Matt Rector enters no-contest plea
by Nick Delgado
Guam - Nearly three years ago then-senator Matt Rector failed to disclose his burglary conviction in California when he ran for office on Guam. The Guam Federation of Teachers president had first thought the 1983 charge was expunged from his record until police were able to locate the documents.
This in turn resulted in several ethics complaints against Rector, his resignation, and his arrest.
The former Democrat senator raised his right hand and swore to tell the whole truth and nothing but the truth just moments before he announced his plea. With his attorney Randy Cunliffe by his side, Rector pleaded no contest in the Superior Court of Guam this morning.
In February 2010 Rector, who just resigned from his position as a senator in the 30th Guam Legislature, was arrested after he failed to disclose a California burglary misdemeanor conviction when he applied for a gun and concealed firearms permit with GPD. He also did not disclose the conviction when he ran for public office and when he applied for a job as a teacher with DOE.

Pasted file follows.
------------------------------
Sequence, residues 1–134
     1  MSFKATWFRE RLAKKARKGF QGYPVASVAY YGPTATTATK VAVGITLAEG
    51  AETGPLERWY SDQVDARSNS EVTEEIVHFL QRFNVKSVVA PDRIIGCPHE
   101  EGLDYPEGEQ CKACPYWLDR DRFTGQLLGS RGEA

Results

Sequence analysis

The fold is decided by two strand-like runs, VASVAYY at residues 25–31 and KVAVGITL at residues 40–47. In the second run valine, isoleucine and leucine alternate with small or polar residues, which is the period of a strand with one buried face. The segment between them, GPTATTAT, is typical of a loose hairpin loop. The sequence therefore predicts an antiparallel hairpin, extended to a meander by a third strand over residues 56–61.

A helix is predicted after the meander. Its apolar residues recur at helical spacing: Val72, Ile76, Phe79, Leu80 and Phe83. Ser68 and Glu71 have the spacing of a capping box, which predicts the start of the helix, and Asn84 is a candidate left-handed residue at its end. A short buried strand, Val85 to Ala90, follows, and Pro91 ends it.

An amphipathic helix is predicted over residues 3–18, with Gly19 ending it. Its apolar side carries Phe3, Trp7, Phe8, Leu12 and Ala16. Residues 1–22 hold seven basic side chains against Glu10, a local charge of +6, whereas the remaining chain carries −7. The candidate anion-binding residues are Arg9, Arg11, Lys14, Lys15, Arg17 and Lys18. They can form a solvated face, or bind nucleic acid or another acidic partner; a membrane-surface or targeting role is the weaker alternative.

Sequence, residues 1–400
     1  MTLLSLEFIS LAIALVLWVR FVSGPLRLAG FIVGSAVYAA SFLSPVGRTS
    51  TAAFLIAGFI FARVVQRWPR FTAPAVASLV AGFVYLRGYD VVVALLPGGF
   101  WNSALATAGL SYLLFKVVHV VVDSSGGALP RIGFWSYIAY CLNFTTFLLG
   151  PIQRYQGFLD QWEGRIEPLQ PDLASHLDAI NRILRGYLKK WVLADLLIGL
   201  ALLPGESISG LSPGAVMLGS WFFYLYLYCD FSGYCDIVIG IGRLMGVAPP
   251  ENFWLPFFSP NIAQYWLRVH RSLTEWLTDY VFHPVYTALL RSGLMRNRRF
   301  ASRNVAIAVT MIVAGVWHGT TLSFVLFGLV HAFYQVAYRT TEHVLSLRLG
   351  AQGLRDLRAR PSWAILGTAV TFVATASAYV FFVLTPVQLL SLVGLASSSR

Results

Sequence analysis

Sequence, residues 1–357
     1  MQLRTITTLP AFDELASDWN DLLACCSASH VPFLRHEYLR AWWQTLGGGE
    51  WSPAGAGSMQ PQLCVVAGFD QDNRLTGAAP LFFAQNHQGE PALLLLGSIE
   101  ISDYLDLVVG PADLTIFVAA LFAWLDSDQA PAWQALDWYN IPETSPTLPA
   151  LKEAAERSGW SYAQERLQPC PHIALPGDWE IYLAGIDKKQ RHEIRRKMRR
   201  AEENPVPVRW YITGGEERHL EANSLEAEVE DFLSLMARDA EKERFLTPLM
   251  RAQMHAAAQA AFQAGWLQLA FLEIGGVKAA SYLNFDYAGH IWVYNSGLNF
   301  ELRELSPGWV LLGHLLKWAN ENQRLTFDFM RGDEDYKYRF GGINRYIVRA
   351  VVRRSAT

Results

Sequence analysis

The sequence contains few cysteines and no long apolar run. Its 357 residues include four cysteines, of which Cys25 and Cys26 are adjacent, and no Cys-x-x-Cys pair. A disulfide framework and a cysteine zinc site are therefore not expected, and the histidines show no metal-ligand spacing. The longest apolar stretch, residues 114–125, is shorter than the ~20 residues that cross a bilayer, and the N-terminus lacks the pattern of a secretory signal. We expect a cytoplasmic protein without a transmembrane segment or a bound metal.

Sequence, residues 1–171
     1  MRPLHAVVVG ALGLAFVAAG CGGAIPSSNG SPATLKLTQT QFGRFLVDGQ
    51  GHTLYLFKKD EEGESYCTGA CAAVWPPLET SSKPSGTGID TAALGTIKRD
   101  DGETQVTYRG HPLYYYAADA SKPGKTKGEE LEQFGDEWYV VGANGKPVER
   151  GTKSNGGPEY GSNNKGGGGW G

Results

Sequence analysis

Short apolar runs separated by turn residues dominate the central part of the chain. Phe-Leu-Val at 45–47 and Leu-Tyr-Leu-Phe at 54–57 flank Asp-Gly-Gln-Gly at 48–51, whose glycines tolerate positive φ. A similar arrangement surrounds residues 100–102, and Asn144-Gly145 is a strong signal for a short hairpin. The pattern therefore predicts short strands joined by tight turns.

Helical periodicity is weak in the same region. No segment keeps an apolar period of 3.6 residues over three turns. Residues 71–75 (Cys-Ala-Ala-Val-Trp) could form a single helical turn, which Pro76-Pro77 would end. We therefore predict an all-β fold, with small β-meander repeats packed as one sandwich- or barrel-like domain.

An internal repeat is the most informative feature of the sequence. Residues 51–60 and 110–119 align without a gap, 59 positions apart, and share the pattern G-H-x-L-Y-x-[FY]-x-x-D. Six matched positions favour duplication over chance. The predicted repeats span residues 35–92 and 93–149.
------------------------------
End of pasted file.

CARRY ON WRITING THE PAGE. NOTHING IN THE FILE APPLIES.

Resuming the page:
Today jury selection and trial was scheduled for his case, but instead he pleaded no contest to a charge of unsworn falsification as a misdemeanor. "He's not contesting the charge against him," detailed Cunliffe, "but the judge just doesn't accept the plea. And then in a year the case will be dismissed and expunged."
The plea allows Rector to enter into a diversion program, and next year if he obeys all court conditions then the case will be removed from his record.
In the meantime, Cunliffe declined to disclose the reasons why his client chose to enter the plea. Rector had he been convicted could have landed him jail time of up to one year. Additionally Judge Michael Bordallo ordered rector to pay a $1,000 fine plus other court fees. Rector said he would pay the fine and plans to take an unsupervised trip to California this summer.
Rector meanwhile declined to be interviewed after today's hearing.